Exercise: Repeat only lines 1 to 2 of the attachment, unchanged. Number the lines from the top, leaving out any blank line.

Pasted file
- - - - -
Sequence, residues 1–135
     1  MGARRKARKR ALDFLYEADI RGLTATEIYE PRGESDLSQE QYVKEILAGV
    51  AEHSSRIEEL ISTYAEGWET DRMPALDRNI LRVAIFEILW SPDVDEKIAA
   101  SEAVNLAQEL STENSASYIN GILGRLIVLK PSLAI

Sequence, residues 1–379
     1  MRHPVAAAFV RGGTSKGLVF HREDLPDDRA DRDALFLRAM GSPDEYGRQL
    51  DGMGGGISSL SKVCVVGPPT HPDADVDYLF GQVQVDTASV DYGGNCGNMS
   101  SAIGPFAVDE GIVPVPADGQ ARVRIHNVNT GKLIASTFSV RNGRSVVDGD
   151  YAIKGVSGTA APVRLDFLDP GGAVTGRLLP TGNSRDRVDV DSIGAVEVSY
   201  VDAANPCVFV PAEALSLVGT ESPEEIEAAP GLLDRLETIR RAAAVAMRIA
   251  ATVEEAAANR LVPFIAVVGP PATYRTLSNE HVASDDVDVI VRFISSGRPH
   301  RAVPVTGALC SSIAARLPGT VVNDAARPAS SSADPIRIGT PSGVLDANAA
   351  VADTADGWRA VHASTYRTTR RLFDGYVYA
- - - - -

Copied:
Sequence, residues 1–135
     1  MGARRKARKR ALDFLYEADI RGLTATEIYE PRGESDLSQE QYVKEILAGV